As an aside, Coase never assumed that the parties would have perfect information about each other’s values for trading with each other. He wrote in the days before noncooperative game theory was used much, and he just made a reasonable assumption that if people had clear property rights and no transaction costs), then they would reach an efficient outcome. After his work, Rubinstein and Stahl showed that if two parties bargain over a publicly known amount of surplus in an alternating-offers game, and both agents are rational players, we should expect an efficient trade to happen right away. But Myerson and Satterthwaite showed that such efficiency couldn’t happen in the presence of private information about how much surplus might be generated for each party.

    (Coase contrasted property rights and low transaction costs with the opposite situation, where it’s too costly to trade. For example, think about millions of individual car drivers trying to compensate thousands of asthmatics for the reductions in air quality that they suffer as a result of the car exhaust. Conducting those billions of individual transactions is infeasible, so it doesn’t happen, and we end up with an inefficiently high level of pollution. Cap-and-trade systems are a policy attempt to assign clear property rights for pollution – or its absence – and thereby get more efficient levels of pollution.)

  • Ben McCann

    The optimal strategy in a negotiation mirroring a game of chicken is to make the other side think that you can’t chicken out. In a game of chicken between two cars, you could handcuff yourself to the steering wheel, so that the other side knows you have no possible way to bail, and they must themselves bail out. In this case, you could sign a lease at another building contingent upon your not signing a renewal at your current location with a $200/month rent reduction. Now if the landlord does not put forth a suitable offer, you will be contractually obligated to move out.

  • jeff

    Hi, nice story.

    I think you need to clarify what you mean about incentive compatibility. There are direct mechanisms that satisfy budget-balance, efficiency, and individual rationality. Here is one. If the seller’s cost is less than the buyer’s value then they trade at a price equal to the midpoint. (any price between value and cost will do.)

    Of course that mechanism is not incentive compatible becuase either party would have an incentive to misreport their value/cost in order to get a more favorable price. So incentive compatibility is required for the Myerson-Satterthwaite theorem.

    On the revelation principle. It does not say that incentive compatibility is without loss of generality. It says “if there is any mechanism at all that achieves your ends (under the solution concept of Bayesian Nash equilibrium) then there is a direct mechanism that is incentive compatible and achieves your ends.” The practical implication of this is that whatever impossibility result you obtain by restricting to direct, incentive-compatible mechanisms, obtains also in the more general class of mechanisms (under the solution concept of BNE.)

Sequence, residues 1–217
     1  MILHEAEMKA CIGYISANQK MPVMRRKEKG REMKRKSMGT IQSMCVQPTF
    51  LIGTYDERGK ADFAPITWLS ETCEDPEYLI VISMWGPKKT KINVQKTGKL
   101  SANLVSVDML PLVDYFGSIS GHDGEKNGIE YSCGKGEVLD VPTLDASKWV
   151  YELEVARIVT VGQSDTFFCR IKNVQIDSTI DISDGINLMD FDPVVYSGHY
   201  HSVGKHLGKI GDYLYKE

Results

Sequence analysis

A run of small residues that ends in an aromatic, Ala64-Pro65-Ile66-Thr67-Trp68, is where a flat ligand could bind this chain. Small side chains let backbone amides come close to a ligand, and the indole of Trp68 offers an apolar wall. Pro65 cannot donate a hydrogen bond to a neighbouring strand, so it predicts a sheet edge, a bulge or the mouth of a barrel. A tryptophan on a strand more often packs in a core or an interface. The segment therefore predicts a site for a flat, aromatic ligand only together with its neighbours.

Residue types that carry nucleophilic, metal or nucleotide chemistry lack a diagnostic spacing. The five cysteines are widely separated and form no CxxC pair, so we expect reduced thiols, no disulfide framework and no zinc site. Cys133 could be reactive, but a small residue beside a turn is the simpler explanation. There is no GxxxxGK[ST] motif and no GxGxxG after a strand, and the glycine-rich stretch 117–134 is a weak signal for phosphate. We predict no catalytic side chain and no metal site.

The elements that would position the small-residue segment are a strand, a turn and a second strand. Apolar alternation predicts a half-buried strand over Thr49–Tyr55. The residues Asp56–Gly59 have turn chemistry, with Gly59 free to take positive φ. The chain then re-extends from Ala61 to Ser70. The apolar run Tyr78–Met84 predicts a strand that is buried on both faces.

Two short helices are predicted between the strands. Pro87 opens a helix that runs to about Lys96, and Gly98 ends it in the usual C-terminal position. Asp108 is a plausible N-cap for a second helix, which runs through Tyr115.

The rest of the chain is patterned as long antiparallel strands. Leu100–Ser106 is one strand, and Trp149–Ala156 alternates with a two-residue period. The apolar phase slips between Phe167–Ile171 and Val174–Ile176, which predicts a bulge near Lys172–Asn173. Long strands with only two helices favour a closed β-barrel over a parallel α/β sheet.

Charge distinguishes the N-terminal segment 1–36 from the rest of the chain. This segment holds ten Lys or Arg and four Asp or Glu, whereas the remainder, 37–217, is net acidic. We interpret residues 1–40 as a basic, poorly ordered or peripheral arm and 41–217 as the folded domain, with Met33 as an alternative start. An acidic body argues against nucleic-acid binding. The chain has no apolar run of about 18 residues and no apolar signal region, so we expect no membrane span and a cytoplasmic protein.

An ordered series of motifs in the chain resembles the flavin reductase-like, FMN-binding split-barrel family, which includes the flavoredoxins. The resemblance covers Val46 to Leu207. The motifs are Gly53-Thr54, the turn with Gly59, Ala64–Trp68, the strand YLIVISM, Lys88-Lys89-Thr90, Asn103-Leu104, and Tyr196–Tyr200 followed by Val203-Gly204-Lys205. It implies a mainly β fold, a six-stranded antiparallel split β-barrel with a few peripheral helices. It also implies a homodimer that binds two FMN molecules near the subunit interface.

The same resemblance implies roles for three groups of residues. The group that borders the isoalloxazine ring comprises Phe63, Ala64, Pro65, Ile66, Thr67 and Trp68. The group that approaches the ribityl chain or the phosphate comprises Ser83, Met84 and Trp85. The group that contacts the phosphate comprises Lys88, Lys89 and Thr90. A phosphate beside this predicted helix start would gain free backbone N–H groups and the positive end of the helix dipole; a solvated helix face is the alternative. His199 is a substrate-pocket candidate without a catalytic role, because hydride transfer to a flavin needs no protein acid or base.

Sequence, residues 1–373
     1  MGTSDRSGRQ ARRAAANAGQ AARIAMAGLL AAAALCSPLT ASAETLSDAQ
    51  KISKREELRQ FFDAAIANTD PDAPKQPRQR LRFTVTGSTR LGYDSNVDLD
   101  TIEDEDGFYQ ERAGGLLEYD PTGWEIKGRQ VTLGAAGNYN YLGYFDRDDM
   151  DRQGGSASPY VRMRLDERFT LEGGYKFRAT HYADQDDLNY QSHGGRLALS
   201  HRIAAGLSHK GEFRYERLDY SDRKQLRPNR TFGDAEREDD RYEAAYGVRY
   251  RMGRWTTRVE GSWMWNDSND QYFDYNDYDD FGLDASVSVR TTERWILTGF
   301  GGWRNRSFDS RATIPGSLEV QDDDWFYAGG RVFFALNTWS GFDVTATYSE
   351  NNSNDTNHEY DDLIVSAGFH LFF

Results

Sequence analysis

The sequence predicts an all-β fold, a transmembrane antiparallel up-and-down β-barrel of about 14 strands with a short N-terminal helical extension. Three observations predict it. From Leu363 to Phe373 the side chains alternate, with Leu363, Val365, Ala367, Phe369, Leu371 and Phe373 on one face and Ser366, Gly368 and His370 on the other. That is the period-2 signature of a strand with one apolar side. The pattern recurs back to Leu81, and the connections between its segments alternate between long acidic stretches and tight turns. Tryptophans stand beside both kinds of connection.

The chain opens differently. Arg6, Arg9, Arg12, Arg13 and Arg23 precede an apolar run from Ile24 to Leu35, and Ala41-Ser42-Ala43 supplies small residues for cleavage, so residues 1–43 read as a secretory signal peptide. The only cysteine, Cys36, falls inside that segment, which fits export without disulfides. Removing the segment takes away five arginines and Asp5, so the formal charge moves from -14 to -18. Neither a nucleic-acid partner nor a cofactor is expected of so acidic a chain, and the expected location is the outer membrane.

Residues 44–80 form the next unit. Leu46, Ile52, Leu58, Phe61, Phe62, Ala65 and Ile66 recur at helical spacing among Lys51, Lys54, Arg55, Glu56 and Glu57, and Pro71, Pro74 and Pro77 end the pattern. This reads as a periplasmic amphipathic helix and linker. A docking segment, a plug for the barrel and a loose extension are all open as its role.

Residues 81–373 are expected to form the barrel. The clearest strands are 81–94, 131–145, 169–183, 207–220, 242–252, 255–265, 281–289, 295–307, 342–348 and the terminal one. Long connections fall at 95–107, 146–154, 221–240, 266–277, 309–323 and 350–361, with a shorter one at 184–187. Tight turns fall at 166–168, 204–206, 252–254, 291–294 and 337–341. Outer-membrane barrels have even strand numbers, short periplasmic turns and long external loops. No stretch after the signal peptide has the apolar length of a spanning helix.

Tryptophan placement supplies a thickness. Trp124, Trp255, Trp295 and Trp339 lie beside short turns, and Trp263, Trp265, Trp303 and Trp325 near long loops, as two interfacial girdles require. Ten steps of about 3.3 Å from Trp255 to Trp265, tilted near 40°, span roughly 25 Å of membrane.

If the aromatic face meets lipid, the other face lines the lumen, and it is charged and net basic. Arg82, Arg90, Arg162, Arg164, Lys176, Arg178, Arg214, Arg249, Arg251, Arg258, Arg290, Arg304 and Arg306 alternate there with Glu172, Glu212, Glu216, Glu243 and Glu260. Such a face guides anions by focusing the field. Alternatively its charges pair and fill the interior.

• dreeves

    @Robin Hanson: Maybe, though long-term contracts entail other inefficiencies.

    @Economix: One problem with that is there could be idiosyncratic reasons justifying deviations from the market average — renovations, for example.

    @Dave: Good point, yes, I’m not sure how much the story changes in a repeated setting.

    @David Reiley: I love that credit card story (and hate credit card companies!). I may have been too glib in my comparison of Coase and Myerson-Satterthwaite. Thanks for the clarifications!

    @Ben McCann: Smart! I had a similar thought involving a conditionally-refundable deposit with a moving company, ie, prove to the landlord that if they gouge us on rent then the moving expenses will become a sunk cost.

    @jeff: No, your mechanism (a sealed double auction) is not efficient. I agree completely with your statement of the revelation principle though. That’s actually what I meant by “IC is WLOG”: By the revelation principle we can, WLOG, consider only IC mechanisms. Thus, IC is not needed in M-S. With or without an IC restriction, you can’t have BB+IR+EFF.

  • jeff

    The mechanism I describe, by construction, trades the good whenever the seller’s cost is less than the buyer’s value. It is therefore efficient. (Please understand that in mechanism design, a direct-revelation mechanism is a function which maps types (here values and costs) into an outcome. A direct-revelation mechanism is defined to be efficient if that mapping always produces the efficient outcome as a function of types.)

    When you say “the double auction is not efficient” what you are really saying is “when the players play a Bayesian Nash Equilibrium of a double auction, they will shade their bids and the result is inefficient.” This is equivalent to saying that the mechanism I described (which is the direct-revelation counterpart of the double auction) is not incentive compatible.

    To repeat, the Myerson Satterthwaite theorem says: Any direct revelation mechanism which is IR, IC, and BB is necessarily inefficient. Dropping any of the three (IR, IC, BB) enables an efficient direct revelation mechanism.

  • dreeves

    @jeff: I believe we’re just using the terms slightly differently. You’re describing a fantasy mechanism where players play irrationally. But how the players play is not part of the mechanism. The mechanism is by definition inefficient because it yields inefficient outcomes in equilibrium. In that sense I disagree with your statement of M-S. But I think with that small translation, we’re both correct.

  • dreeves

    To be more clear, here’s how I would state Myerson-Satterthwaite: It’s impossible (given some reasonable assumptions) to have all three of {IR, BB, EFF}, whether or not you also impose any form of IC.

    I don’t like jeff’s version because it goes without saying that if you can administer a truth serum then you can get efficiency and budget balance (and individual rationality doesn’t even make sense anymore).